This can be done using the ‘site:’ command. For example if you wanted to search for the term ‘recent advances in endocrinology’ on the New England Journal of Medicine website you could do so by entering: recent advances in endocrinology site:www.nejm.org. Below you can see an example of the sort of results you might expect:
- Finding definitions
If you are unsure about a word’s meaning you can check the definition using the ‘define:’ command. For example if you wanted to check the meaning of the word ‘pneumoconiosis’ you could do so by entering define:pneumoconiosis. The definition will then be presented as shown below:
- Searching with a missing letter or word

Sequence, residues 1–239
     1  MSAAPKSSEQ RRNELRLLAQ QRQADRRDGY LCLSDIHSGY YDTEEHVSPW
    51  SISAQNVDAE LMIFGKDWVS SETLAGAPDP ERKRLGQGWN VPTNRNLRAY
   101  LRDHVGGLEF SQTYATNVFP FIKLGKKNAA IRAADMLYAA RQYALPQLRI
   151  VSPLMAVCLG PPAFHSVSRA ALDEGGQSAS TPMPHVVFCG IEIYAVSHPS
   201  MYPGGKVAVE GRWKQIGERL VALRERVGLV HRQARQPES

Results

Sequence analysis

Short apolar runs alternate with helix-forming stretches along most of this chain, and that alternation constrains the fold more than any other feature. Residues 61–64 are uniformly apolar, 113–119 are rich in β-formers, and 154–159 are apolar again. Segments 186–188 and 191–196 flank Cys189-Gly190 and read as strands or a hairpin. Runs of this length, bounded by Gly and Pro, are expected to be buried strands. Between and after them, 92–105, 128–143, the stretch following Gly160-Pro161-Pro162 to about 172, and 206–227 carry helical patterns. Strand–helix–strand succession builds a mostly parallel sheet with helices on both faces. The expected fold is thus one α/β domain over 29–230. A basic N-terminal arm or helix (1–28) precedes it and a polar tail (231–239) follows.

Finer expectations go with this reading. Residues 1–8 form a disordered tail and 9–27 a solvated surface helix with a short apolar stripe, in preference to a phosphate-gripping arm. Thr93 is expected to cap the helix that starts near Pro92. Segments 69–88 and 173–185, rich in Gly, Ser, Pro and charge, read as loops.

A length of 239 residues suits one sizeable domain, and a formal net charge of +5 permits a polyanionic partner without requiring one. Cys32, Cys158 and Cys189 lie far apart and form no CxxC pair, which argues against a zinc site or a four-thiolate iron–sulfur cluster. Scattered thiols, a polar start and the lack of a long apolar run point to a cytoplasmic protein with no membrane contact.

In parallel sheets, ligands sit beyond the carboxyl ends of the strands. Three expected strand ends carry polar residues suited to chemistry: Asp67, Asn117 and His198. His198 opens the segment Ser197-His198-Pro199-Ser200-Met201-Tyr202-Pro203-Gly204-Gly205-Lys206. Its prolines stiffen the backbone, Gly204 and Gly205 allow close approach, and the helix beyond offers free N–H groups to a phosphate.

If you are attempting to search for a particular word or phrase but cannot remember the exact spelling or wording, Google also has a search function to help with this. By placing an asterix (*) instead of the missing word or letter Google Search will come up with a list of potential alternatives. Here I have forgotten the exact name of an important study on sepsis:
- Searching for similar websites:
On occasion you may want to look for a website that is similar to another that you are currently using. This can be done using the ‘related:’ command. For example here I would like to find a website that is similar to the British National Formulary website:
- Google books:
If you go to http://books.google.com/ you can then search for a book you are looking for either by entering the author’s name or the title of the book. This function is particularly useful for checking references from other sources. Here I have searched for Instant Anatomy by Robert H. Whitaker: